Representative government depends on trust. It depends on trust among policy-makers in Congress, even when they don’t agree with one another. It depends on popular trust in the people who make decisions on Capitol Hill and in the White House. It depends on trust in those who are charged with implementing those laws. And it requires trust in the institutions in which those decisions are produced and implemented.

We might have joked about my long-ago colleague’s speech, but trust really is the coin of the realm. It is a bedrock requirement of democratic governance. If there’s nothing but cynicism, deep suspicion, and lack of confidence in the system, it cannot work.

To understand how interwoven trust must be within the system, think about it from the point of view of ordinary citizens. We have to believe that our voices will be heard, listened to, and taken into consideration in the halls of power.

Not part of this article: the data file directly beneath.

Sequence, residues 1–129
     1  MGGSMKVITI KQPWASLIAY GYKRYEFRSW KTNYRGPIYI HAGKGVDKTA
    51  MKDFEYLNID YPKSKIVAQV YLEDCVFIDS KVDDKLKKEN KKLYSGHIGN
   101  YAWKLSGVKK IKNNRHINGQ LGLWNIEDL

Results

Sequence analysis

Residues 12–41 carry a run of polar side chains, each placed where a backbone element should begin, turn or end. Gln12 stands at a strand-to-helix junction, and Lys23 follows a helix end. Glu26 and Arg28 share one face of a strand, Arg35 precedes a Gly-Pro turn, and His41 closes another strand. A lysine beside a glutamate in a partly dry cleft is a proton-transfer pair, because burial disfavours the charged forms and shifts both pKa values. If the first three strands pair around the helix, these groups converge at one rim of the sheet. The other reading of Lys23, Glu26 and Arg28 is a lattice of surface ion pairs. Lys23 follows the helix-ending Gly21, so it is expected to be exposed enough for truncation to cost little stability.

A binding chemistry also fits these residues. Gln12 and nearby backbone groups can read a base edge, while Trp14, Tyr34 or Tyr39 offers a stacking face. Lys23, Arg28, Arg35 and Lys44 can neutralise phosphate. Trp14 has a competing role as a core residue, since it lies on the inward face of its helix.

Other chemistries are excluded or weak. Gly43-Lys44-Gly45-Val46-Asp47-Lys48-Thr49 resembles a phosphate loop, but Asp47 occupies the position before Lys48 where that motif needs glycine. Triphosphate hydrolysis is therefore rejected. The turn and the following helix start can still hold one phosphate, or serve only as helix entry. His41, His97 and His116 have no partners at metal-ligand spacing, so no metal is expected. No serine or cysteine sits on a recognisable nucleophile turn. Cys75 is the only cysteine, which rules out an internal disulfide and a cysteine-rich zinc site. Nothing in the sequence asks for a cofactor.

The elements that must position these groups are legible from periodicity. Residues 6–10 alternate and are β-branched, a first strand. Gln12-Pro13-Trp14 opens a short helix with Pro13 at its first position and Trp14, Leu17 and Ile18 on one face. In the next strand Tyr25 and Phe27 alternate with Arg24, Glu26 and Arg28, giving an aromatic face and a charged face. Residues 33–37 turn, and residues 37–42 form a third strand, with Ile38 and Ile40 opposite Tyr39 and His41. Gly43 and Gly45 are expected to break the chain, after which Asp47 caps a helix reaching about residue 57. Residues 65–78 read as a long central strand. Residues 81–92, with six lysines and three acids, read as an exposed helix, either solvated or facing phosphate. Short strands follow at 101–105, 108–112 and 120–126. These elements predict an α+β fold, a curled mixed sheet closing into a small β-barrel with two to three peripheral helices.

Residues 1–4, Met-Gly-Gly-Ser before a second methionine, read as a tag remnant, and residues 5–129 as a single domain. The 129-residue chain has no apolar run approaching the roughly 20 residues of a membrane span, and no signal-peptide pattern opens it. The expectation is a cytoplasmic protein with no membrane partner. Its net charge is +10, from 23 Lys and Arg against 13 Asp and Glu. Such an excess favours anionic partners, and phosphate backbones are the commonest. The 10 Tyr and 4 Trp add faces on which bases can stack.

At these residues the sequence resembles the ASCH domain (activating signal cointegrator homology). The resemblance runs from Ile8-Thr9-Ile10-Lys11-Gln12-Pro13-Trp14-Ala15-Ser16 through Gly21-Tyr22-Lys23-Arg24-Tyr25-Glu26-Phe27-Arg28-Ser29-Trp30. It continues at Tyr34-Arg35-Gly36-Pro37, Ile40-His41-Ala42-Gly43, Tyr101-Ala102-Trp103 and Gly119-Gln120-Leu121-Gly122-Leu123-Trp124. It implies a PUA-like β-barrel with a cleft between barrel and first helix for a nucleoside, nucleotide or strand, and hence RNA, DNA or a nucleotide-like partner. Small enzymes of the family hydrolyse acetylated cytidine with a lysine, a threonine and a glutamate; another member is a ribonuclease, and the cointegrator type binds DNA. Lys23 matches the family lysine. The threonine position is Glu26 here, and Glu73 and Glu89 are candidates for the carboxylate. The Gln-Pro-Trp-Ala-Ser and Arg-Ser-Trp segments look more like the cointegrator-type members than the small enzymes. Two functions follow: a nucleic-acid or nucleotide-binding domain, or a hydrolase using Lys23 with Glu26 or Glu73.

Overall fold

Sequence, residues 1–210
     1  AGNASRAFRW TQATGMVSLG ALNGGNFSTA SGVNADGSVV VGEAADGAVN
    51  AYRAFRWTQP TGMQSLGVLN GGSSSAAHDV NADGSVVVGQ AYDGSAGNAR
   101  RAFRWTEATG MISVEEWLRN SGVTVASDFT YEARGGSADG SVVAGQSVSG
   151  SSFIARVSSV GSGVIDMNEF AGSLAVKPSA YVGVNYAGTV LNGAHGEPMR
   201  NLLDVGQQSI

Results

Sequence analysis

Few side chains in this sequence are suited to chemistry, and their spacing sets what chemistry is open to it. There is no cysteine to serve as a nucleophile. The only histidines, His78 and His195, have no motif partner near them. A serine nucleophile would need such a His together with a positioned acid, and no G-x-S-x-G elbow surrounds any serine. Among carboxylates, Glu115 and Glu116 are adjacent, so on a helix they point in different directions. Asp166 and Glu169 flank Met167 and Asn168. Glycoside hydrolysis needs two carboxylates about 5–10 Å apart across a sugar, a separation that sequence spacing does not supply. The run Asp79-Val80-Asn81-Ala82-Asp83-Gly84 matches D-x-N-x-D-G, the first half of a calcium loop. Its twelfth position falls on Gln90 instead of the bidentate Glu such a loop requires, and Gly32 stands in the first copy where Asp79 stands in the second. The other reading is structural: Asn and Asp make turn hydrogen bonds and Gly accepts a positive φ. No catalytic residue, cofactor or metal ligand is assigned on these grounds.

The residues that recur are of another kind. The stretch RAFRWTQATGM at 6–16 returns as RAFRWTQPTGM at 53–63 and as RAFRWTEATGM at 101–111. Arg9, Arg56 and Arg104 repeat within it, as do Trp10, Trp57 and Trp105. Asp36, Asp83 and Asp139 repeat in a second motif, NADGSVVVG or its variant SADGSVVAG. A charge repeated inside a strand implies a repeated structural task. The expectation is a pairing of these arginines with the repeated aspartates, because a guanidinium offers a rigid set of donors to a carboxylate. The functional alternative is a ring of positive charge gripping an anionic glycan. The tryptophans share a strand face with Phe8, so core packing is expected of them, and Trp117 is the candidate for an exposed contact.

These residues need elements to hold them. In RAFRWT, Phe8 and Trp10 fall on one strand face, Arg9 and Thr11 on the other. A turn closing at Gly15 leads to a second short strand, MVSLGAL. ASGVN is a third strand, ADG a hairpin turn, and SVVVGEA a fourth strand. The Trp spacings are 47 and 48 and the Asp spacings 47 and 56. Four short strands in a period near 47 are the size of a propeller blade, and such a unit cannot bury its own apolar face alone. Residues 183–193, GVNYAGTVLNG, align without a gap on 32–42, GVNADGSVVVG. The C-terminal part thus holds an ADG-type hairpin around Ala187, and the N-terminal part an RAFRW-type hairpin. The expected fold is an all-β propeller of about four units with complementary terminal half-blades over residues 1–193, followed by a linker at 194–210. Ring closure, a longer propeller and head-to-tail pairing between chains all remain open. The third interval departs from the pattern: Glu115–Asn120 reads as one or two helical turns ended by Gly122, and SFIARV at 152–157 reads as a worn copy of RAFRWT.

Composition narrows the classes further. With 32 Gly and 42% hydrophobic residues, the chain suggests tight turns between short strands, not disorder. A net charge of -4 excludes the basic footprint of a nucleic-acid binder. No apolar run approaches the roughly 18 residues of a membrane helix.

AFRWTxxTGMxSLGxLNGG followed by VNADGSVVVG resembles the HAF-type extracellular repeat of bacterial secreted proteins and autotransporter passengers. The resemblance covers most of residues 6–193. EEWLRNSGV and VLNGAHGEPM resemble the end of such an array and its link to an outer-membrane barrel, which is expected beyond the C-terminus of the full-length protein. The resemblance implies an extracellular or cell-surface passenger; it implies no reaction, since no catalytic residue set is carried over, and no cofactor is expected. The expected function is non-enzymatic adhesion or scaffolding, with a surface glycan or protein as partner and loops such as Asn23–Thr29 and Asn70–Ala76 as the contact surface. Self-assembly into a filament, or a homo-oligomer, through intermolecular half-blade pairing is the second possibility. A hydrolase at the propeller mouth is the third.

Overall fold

This means that those in power must be accountable, and that the institutions they serve in will function in predictable, rule-based ways. Which is why it is so damaging when government acts in ways that diminish trust.

If you feel that government is just helping corporations and rich people, you lose confidence in the system. If people see a government that tolerates a high degree of economic inequality in the country, and great disparities in opportunities between rich people and middle-class people, they no longer trust that system.

Yet for representative democracy to work, public officials, politicians and policy makers have to have a sufficient level of support from ordinary people. You and I have to believe that our representatives will in fact level with us rather than present half-truths and distortions, and will act in our interests. Similarly, for government to have any standing in our lives, we have to have confidence in the experts, technocrats, and frontline staff who make the system work.